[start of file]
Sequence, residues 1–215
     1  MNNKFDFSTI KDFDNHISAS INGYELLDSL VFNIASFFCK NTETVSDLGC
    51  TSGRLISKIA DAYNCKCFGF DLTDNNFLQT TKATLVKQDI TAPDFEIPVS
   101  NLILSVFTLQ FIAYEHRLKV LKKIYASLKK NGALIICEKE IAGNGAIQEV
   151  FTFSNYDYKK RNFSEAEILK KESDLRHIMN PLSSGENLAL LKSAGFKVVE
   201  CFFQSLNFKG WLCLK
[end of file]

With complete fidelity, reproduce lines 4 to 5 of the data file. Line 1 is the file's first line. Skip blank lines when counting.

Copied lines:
   101  NLILSVFTLQ FIAYEHRLKV LKKIYASLKK NGALIICEKE IAGNGAIQEV
   151  FTFSNYDYKK RNFSEAEILK KESDLRHIMN PLSSGENLAL LKSAGFKVVE